Lent 2020 begins next week on Wednesday, February 26th. The word “lent” comes from the Old English word word “lencten” meaning “spring season,” when all around us signs of spring and new life appear, on our journey to Easter. We can be optimistic and hopeful.
For Lent this year, I plan to write a few weekly reflections, offering contemporary perspectives (basically optimistic) from an older historical theologian…
When I think of contemporary perspectives, I have two things in mind: (1) new ways of looking at older Christian realities, understandings, and belief statements; and (2) a focus on Christian life that shifts away from “churchianity,” with with its rigid focus on fidelity to doctrines and rules.
Churchianity is rooted in obedience and power over people. Christianity is rooted in love, compassion, and service. The central focus of genuine Christianity must be a living and lived-out relationship with God and with one’s neighbor. Doctrines and rules come later, but are of secondary importance.
Right now, I have the following thematic elements in my head, which I hope to expand on during the weeks of Lent: Youth — Jesus and His Young Disciples; The Gospels: About Faith Not About Presenting a Life of Jesus; A Contemporary Perspective on One, Holy, Catholic, and Apostolic — a Church Much Bigger Than the Roman Catholic Church; The Evangelical Vision — Four Gospels Four Christian Theologies; Contemporary Insights About Jesus’ Crucifixion and Death; and Resurrection Greater than Resuscitation.
There may be some adjustments along the way. I am not planning on long essays. The reflections will be brief and to the point. The focus will be a kind of meditative retreat on the road to Easter.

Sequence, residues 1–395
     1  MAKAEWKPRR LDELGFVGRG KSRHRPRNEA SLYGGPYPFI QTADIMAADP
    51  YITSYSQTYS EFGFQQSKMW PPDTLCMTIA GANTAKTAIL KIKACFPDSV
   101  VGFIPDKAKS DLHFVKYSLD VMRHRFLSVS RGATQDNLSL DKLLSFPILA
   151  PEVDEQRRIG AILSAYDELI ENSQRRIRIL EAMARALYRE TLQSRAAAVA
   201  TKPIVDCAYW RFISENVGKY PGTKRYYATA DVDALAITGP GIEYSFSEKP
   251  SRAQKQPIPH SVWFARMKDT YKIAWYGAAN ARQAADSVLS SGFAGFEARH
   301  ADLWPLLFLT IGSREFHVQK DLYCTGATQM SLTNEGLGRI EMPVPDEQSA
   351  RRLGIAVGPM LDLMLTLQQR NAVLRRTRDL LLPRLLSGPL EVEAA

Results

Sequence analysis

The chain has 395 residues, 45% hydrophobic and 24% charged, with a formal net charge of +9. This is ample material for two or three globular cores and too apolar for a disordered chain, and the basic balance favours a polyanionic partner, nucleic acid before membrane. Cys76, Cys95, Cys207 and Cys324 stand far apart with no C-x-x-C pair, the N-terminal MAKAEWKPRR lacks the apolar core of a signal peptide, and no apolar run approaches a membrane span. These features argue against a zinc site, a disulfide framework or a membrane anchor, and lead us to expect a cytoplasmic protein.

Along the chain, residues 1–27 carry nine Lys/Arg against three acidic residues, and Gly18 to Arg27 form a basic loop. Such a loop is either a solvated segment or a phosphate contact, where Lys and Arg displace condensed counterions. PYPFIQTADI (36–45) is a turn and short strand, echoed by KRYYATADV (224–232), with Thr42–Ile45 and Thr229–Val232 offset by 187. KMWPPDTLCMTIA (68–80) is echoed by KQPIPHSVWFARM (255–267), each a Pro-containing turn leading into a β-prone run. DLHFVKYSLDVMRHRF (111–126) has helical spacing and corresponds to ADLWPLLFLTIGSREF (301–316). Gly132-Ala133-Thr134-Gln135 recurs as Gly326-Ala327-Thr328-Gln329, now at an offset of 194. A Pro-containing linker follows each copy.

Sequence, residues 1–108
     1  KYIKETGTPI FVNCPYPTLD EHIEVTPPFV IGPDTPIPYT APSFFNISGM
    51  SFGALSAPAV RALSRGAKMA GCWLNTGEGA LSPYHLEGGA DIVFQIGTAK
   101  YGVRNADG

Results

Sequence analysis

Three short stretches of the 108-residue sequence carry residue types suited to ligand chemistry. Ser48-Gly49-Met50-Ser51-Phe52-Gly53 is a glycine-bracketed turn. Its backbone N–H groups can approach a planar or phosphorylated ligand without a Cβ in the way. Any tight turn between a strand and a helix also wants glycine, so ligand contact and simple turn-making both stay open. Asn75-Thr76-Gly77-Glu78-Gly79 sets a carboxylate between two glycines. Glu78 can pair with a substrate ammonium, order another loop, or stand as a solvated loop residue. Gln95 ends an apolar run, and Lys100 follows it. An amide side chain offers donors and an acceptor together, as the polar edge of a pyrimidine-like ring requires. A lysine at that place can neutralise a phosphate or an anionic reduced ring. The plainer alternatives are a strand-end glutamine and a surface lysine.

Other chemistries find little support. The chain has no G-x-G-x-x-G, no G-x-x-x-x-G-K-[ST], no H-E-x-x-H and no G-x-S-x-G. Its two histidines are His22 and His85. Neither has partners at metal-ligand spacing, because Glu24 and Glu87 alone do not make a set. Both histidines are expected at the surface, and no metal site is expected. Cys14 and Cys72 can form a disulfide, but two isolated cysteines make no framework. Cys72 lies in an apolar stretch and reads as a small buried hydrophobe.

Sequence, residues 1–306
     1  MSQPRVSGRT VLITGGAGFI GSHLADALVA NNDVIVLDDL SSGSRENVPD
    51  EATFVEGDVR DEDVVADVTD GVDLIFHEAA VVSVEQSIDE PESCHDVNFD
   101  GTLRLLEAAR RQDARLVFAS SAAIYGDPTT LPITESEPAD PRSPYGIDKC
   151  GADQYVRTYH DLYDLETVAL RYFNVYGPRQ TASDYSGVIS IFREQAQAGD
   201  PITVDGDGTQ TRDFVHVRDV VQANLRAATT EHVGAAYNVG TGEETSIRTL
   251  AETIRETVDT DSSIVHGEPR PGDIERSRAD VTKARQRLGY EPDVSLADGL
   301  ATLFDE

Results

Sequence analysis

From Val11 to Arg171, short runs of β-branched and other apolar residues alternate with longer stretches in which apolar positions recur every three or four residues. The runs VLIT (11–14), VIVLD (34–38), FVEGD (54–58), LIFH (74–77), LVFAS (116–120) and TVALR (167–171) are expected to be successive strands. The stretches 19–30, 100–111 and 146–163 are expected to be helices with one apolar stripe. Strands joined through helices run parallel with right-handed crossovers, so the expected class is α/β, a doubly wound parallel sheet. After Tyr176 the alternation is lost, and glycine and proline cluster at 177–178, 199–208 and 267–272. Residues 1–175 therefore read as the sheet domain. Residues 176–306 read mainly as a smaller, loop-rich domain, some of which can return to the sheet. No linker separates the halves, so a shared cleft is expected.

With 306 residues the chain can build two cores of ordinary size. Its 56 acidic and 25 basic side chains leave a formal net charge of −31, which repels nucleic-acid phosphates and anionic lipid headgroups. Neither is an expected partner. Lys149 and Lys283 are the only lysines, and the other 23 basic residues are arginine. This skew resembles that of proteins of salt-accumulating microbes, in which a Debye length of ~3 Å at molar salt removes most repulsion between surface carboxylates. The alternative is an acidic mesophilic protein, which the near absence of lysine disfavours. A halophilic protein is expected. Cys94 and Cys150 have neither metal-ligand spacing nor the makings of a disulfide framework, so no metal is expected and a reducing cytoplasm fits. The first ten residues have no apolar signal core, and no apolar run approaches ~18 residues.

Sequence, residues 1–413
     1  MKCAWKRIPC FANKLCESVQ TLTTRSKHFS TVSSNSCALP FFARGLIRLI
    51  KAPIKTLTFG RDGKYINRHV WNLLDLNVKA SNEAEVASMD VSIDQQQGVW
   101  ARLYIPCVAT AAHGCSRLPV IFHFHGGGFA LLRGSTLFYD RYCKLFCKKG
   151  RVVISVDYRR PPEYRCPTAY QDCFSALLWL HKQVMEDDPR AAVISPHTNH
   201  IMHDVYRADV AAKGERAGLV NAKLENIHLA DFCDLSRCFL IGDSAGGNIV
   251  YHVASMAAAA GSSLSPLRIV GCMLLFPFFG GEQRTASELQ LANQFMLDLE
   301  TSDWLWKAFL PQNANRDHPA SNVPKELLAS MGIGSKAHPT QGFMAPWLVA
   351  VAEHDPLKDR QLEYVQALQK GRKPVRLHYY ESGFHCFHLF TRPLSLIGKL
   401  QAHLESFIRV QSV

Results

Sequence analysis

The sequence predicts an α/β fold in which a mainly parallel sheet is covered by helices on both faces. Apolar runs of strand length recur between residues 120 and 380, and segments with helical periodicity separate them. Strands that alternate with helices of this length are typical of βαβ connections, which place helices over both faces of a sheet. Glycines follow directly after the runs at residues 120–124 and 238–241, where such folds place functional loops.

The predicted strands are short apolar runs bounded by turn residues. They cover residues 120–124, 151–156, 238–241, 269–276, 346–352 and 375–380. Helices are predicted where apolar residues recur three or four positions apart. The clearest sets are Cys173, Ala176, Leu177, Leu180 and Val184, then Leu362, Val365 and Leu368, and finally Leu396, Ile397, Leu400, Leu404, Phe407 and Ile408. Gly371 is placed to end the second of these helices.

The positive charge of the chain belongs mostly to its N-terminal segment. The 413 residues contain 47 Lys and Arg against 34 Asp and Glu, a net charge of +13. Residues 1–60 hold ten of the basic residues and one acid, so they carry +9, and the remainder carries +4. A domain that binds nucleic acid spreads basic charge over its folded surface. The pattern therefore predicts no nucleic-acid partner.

I may quote from books and articles I have read as well….. I do hope I can offer some reflections that are worth reading as well as stimulating and helpful. We are all confronted with much too much blah blah these days….Especially as we begin the nine month gestation period of presidential election rhetoric….
And so today, I conclude with a brief reflection about WISDOM from the Hebrew Scriptures:
God brought me forth as the first of God’s works, before God’s deeds of old.
I was formed long ages ago, at the very beginning, when the world came to be.
When there were no watery depths, I was given birth.
When there were no springs overflowing with water,
Before the mountains were settled in place,
Before the hills, I was given birth.
Before God made the world or its fields
Or any of the dust of earth.
I was there when God set the heavens in place.
When God marked out the horizon on the face of the deep,
When God established the clouds above
And fixed securely the fountains of the deep.
When God gave the sea its boundary
So the waters would not overstep God’s command.
When God marked out the foundations of the earth.
Then I was constantly at God’s side.
I was filled with delight day after day.
Rejoicing always in God’s presence,
Rejoicing in God’s whole world.
Delighting in humankind.
Warmest regards. May we live and rejoice in WISDOM.